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Romanow Commission Wastes Time, Money, and Lives

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Release Date: November 28, 2002
The answers that Roy Romanow has provided today are identical to those he provided when Premier of Saskatchewan and in his preliminary musings as the Commission got underway, says Michael Walker, executive director of The Fraser Institute, in response to the report delivered today by the Commission on the Future of Health Care in Canada.

"In short, the Commission concludes that more taxpayer money is needed, that more government regulation of health care is needed and that private provision of all health care services should be effectively banned. In the meantime more heart surgery candidates died on the waiting list," says Walker.

The $15 million cost of the Commission could have eliminated the bypass surgery waiting lists in Ontario, Manitoba and Saskatchewan combined, or all of Ontario and the Atlantic provinces, notes Walker.

In its ideological rush to judgment, the Romanow Commission failed to consider key facts about Canadian health care:

1. That Canada spends more, on an age-adjusted basis, than any of the industrialized countries in the world which provide government-sponsored universal access health care systems. Since many of these countries which spend less have better health outcomes money cannot be the problem . (Figure 1)

2. The Canadian provinces which spend more don't get more health services delivery. More money has not reduced health care waiting lists in the provinces that spend more per capita, on an age adjusted basis . (Figure 2)

3. The countries which do better than Canada on health care outcomes including France (number one in the world according to the WHO), Sweden, Japan, and Australia all spend less, but have different health care policies than Canada. Romanow ignores the policies in the top performing countries.

These top performing countries have:

· User Fees… Romanow says no to user fees.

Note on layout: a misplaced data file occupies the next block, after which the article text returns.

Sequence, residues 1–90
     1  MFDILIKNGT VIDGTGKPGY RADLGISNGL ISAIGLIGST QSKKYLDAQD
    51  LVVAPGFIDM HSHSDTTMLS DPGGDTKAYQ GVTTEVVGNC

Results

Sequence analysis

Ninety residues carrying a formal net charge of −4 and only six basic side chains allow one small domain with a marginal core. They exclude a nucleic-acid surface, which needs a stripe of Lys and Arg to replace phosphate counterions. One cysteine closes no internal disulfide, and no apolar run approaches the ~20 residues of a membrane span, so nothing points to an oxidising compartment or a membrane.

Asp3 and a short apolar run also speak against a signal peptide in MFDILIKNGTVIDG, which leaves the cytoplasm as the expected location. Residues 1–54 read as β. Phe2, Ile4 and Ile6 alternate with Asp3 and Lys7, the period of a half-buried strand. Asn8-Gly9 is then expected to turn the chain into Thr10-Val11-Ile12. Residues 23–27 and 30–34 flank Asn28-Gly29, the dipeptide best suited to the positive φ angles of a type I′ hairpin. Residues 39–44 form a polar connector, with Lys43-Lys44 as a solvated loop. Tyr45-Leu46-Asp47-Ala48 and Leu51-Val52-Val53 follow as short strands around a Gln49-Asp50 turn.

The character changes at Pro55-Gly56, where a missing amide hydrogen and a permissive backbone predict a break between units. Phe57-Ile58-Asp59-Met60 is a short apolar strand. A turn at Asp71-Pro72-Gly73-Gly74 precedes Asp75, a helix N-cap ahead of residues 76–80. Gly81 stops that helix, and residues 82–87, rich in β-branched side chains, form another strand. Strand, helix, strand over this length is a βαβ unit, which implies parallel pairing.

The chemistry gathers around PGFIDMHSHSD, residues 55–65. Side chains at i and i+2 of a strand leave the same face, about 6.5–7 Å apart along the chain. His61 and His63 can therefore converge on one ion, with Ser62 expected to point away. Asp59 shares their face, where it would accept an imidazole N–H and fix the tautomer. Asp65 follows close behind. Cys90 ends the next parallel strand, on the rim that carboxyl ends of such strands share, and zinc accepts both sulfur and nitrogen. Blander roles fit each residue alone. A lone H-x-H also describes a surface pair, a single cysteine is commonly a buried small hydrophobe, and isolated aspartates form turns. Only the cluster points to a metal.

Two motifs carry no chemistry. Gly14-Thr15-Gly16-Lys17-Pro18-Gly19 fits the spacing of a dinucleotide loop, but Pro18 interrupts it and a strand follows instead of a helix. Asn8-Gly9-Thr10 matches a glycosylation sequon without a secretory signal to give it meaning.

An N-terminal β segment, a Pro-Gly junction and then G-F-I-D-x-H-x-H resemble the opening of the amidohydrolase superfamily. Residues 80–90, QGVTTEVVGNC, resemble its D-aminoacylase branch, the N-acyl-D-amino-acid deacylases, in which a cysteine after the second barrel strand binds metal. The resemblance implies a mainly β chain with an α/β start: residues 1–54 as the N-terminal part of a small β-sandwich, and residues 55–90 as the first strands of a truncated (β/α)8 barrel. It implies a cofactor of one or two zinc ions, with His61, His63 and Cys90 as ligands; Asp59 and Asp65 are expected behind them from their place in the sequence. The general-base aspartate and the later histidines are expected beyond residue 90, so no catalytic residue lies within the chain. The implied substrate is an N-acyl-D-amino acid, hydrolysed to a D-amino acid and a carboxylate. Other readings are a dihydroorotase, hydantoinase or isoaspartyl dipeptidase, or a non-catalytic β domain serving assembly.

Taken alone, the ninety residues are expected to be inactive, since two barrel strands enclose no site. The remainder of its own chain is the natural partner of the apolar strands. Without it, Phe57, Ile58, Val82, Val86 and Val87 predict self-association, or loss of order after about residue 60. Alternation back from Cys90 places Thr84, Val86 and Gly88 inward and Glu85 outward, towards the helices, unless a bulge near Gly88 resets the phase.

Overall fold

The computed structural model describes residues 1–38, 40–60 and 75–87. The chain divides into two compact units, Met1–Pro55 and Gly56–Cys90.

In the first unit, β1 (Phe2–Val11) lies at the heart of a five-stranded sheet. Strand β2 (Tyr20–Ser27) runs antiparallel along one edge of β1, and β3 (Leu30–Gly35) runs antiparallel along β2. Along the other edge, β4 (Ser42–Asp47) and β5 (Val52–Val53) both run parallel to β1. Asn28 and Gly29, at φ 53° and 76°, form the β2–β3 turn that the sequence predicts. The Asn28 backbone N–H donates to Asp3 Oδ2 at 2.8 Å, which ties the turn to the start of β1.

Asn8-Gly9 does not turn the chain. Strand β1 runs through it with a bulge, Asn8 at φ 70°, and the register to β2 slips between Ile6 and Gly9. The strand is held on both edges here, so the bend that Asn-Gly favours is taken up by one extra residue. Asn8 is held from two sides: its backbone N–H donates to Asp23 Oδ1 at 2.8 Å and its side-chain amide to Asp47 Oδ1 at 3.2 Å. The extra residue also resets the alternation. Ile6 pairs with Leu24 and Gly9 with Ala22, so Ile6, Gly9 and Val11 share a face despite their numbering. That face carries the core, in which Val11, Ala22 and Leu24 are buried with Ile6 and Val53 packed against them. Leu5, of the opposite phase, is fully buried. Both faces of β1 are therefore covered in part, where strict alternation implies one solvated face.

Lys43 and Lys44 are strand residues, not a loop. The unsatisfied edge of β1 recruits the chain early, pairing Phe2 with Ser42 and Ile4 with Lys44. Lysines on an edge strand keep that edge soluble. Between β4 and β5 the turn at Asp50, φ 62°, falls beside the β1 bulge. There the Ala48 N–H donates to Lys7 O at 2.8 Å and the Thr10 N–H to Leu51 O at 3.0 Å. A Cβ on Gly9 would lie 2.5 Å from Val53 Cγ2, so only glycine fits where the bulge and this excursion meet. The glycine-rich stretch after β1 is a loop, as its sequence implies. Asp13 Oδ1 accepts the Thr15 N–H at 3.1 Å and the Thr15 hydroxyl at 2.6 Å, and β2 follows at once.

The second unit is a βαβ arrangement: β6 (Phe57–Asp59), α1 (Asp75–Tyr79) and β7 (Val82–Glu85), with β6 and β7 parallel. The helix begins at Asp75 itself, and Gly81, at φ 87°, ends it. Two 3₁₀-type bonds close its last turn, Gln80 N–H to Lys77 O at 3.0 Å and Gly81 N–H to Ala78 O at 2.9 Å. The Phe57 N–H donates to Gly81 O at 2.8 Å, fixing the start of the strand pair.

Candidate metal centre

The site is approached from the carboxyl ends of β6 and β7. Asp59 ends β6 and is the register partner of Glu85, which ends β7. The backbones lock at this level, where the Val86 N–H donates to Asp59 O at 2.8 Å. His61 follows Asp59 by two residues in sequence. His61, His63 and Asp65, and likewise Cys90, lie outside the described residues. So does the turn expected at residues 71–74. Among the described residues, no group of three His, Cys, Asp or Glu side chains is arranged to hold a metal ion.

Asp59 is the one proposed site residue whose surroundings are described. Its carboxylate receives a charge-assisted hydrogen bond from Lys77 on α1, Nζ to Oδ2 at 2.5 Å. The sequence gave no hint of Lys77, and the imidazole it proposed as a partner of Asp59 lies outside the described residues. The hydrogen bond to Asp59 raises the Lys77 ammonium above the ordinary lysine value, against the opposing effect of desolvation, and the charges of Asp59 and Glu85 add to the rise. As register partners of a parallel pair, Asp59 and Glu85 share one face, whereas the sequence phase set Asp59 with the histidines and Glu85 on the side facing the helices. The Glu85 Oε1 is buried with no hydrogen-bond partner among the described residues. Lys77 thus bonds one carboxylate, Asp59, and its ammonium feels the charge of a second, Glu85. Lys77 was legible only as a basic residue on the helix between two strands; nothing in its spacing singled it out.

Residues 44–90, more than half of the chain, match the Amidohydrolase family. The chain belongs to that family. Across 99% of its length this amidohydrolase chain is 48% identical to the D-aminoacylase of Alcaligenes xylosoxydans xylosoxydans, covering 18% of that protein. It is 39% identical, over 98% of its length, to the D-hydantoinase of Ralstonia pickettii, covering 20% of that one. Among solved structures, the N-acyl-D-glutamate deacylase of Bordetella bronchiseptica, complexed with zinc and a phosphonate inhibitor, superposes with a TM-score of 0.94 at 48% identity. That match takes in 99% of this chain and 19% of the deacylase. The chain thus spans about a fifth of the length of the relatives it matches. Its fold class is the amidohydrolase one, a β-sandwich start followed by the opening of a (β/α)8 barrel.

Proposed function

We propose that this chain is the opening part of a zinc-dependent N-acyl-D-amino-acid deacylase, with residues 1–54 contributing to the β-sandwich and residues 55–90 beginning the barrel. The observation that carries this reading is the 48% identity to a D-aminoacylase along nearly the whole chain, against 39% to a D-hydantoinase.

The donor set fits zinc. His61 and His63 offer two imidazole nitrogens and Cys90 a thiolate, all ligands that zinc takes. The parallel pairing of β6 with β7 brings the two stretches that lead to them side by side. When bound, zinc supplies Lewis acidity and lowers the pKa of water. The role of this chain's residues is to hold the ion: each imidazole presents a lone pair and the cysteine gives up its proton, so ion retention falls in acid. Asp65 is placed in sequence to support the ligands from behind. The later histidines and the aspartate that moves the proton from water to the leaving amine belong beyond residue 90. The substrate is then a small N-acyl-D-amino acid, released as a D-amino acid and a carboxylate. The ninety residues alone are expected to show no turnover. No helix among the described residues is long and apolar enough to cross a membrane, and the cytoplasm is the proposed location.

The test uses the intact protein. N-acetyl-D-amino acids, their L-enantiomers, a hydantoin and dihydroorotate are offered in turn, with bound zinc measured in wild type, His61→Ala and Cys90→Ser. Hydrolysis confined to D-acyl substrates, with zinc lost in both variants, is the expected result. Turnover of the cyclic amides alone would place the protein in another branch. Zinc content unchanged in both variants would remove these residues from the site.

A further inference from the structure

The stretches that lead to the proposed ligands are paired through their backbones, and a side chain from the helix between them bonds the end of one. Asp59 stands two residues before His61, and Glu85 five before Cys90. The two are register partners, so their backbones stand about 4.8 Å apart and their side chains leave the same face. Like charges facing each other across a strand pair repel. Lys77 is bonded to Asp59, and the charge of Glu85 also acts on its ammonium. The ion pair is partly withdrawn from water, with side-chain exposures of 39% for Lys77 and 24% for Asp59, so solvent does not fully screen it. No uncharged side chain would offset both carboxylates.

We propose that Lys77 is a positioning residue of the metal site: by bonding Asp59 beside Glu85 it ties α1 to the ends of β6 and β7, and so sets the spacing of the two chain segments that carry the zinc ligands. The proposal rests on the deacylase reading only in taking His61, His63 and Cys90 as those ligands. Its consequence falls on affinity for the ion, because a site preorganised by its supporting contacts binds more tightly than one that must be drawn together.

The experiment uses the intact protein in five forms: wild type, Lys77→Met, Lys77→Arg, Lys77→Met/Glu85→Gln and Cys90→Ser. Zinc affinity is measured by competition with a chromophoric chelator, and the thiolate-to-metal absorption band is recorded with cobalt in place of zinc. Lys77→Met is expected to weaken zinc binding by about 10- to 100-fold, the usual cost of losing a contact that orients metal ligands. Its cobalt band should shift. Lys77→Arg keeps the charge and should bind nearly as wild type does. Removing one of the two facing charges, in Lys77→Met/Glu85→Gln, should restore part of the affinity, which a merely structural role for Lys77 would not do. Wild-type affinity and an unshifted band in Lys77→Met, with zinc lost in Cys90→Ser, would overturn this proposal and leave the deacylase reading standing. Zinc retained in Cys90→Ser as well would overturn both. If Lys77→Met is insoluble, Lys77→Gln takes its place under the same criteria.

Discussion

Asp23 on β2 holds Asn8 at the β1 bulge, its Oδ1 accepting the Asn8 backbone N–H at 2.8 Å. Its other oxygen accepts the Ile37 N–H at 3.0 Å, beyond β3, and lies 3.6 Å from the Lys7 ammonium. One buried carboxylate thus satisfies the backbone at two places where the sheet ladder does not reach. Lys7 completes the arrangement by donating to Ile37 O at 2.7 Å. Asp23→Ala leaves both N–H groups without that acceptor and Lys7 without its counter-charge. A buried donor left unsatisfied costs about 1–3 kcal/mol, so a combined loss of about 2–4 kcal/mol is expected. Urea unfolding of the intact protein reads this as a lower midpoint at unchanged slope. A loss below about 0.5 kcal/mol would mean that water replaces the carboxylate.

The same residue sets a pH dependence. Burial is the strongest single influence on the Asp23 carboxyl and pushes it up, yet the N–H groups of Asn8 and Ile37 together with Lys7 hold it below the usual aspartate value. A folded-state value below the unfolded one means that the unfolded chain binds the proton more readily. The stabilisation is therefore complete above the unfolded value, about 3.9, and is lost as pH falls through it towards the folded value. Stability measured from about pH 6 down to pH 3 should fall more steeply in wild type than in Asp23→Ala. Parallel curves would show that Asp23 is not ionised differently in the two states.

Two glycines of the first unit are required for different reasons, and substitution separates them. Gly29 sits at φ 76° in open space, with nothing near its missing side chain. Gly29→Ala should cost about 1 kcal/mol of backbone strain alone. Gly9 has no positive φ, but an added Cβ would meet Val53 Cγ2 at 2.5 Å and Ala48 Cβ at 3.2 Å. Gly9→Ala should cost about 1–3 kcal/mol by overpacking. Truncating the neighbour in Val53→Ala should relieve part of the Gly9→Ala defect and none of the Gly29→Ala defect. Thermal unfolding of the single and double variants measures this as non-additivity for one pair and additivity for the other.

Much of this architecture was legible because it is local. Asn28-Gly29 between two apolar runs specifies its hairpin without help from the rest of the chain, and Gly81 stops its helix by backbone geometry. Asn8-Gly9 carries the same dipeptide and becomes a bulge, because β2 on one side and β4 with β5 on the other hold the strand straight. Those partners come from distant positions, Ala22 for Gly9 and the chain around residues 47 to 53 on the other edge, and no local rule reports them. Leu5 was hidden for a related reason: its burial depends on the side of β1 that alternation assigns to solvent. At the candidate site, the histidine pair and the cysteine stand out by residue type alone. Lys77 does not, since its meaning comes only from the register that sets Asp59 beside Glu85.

· The top performing countries have alternative private health care provision…Romanow says no to private insurance.

· The top performing countries have private delivery of public health services…Romanow says no to private care.

· The top performing countries have private for-profit health care services…Romanow says no to for-profit diagnostic and surgery centers.

· No country in the world has copied Canada's health care model…Romanow says we must preserve the Canadian model.

4. Manitoba has a well functioning pharmacare program with means-tested user fees… Romanow says we need a new untested and unproven system managed by Ottawa.

"As Premier of Saskatchewan Roy Romanow led his province to the longest health care waiting lists in the country. Canadians should place little confidence in a report which extends by compulsion to all of the provinces the failed attitudes and policies applied in Saskatchewan," says Walker.

Instead of more federal mandates and regulations, Canadians need more freedom to explore different health care models and methods. They need more of their spending power left in their hands to spend as they see fit on their own health care. Canadians need the freedom to spend their own money to buy access to the accelerated treatments that an increasing number of government agencies like Workers Compensation Boards, the military, and the RCMP are buying from private clinics.

The Romanow Commission produces no new insights but rehashes the prejudices and preconceptions that have brought Canadian health care to its current difficulties. It does not earn, nor deserve, the consideration of those seriously searching for solutions to current problems.


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